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Healing Lily: A novel of hope
More About Healing Lily

D. Stephenson Bond is a practicing Jungian analyst who has lectured widely on the topics of myth and creativity. He graduated with an M.Div. from Vanderbilt in 1981 and from the C. G. Jung Institute, Boston, in 1997, where he teaches. A native West Virginian, he is the author of four books, including Living Myth: Personal Meaning As a Way of Life (Shambhala, 2001) and The Archetype of Renewal (Inner City, 2003). Fiction is his lifelong passion, with short stories including "The Mountain Song" appearing in The Mountain Review and "An Evening at the Symphony" in Scribner. Healing Lily is his debut novel.

In a recent interview he noted: "I think I was looking for a way to understand the deeper images and experiences of my own life and I didn't find that until I found Carl Jung," he said in a recent interview. "I still interpret dreams for a living, in a way, and people remain curious about dreams and the inner life, but all of that seems a long time ago now. Something has changed. I feel it, other people feel it. It's in the air, as Jung used to say. So you have to write about that now, if you're an artist feeling your way through the life of our times as well as your own life. The artist voices the changes in the collective unconscious. That's the Jungian view. And I try to do that, or rather that's what seems to be happening when I sit down to write whether I want to or not. It appears as something dark, this change of the times, and yet I suppose creative destruction always feels like that. Perhaps it is only the way the night feels to us in some instinctual way, and when the morning finally arrives we re-orient ourselves and start again."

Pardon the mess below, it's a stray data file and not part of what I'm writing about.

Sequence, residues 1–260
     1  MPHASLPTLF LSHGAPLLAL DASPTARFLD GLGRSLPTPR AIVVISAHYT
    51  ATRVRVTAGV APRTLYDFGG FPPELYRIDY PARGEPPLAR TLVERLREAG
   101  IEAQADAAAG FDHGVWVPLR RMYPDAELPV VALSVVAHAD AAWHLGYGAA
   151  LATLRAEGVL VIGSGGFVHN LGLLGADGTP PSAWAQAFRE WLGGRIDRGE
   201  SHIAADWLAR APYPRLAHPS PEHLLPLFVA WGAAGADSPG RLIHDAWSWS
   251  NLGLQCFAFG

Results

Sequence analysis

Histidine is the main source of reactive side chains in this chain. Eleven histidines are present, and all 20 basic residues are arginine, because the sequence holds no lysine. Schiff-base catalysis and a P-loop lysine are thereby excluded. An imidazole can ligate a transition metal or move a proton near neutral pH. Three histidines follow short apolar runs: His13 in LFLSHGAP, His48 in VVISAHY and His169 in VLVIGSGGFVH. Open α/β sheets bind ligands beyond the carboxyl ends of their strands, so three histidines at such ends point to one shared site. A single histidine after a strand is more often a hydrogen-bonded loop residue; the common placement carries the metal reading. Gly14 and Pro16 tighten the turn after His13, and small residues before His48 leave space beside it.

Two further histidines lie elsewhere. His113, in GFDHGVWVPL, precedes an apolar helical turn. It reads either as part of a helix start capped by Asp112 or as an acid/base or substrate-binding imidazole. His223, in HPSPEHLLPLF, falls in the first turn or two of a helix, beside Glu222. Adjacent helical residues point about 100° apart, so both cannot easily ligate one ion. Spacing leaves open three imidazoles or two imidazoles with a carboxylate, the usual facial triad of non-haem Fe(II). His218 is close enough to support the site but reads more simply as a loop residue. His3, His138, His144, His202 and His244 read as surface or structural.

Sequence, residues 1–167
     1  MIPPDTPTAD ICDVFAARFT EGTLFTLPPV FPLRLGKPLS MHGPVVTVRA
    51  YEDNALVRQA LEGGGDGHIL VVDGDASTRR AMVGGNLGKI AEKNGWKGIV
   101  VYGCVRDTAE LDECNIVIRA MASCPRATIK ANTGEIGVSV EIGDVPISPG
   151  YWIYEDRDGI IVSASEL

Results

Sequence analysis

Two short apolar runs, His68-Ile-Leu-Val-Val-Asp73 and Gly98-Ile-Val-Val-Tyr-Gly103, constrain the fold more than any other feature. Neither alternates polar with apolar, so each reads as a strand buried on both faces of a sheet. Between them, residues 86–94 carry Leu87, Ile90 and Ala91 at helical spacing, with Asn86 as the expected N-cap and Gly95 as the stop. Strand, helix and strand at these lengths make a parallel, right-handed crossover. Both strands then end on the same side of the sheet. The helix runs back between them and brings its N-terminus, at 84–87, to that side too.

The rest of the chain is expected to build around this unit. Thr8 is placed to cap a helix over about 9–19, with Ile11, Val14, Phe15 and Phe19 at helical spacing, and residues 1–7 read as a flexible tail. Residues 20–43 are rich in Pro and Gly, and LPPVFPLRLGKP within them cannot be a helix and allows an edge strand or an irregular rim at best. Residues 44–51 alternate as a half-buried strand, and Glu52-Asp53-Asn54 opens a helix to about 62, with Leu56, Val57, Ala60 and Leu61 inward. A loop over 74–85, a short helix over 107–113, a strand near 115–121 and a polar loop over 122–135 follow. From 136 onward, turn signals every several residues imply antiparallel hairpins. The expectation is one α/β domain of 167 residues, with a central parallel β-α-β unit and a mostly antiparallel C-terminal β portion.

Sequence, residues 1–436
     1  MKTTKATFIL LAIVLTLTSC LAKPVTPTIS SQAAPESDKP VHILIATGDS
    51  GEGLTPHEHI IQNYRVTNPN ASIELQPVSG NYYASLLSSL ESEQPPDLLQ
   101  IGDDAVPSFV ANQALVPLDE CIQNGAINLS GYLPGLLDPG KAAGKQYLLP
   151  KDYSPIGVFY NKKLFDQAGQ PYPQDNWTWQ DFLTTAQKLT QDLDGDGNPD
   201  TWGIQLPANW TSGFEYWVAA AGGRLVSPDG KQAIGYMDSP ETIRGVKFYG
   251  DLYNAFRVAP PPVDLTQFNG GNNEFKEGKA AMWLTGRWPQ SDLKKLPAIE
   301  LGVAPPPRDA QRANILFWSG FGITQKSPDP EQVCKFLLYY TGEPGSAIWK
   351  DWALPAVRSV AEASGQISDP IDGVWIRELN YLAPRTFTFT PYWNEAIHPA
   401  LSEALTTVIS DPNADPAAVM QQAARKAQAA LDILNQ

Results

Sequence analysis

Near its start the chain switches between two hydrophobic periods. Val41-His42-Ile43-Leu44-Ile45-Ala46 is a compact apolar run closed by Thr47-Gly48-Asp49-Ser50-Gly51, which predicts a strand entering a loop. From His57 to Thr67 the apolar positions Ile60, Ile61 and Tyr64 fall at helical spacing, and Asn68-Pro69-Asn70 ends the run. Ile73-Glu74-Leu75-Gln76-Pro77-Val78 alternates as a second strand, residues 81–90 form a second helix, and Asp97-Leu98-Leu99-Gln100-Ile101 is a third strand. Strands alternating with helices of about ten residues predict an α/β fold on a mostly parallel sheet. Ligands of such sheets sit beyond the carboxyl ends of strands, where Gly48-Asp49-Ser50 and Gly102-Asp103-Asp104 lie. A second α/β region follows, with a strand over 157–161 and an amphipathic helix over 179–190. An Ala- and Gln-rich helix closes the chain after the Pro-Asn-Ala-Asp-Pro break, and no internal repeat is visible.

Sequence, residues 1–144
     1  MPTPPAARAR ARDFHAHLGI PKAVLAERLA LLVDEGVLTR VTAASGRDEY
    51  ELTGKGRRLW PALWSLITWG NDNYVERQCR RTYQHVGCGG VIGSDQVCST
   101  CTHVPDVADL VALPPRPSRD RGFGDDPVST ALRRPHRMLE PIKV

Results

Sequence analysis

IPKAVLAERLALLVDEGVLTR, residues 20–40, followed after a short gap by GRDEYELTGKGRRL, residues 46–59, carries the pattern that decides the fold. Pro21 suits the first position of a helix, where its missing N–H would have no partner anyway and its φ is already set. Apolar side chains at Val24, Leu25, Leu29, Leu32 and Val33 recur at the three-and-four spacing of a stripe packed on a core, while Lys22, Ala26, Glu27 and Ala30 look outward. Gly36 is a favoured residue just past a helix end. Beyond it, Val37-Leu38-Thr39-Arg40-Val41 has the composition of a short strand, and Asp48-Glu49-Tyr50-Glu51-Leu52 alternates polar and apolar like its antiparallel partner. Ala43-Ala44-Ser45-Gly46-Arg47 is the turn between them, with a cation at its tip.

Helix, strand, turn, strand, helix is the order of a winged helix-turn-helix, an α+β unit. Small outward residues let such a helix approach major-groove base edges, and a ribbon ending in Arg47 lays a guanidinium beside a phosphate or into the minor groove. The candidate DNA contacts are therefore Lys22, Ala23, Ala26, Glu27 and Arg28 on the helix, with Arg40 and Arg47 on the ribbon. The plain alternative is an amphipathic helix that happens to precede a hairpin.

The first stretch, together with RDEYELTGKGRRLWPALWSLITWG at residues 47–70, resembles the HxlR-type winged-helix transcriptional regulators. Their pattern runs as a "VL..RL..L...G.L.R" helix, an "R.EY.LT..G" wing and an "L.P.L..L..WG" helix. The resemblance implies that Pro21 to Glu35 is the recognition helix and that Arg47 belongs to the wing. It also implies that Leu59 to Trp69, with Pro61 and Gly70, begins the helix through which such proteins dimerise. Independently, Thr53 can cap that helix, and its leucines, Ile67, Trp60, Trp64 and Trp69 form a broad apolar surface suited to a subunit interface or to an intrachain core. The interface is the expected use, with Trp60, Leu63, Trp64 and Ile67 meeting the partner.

"I didn't mean to write a novel about psychoanalysis," he continued. "I've been writing novels since I was twelve years old, my first love, and somehow the first published novel has a lot of psychoanalysis in it. Oh well. I got interested in the 9/11 widows in the months after 9/11. I think I saw Kristen Breitweiser on Larry King Live and then read the Gail Sheehey article on the Jersey Girls. What fascinated me so much was that in the months and years after 9/11 those widows represented a kind of moral authority on what had happened, a moral authority that was lacking in, well, everything else. Then my analytic mind got to thinking about them and I wondered how a person would work through an experience like that. And the result was Healing Lily, my first published novel. It's about how people work through grief, but with the edge of 9/11 I think it's also about the change, the cultural change and the end of an era that 9/11 represents, as if it were a collective dream announcing what is coming. But it turned into a love story-quirky, you would say, because an analyst knows too much to be naive about love stories-because when you're a writer the characters take over and go to new places. And that was fine with me. We're gonna need a lot of love to get through this."

Author D. Stephenson Bond discusses the impact of 9/11 and his hopes for the novel with journalist Ed Medina.




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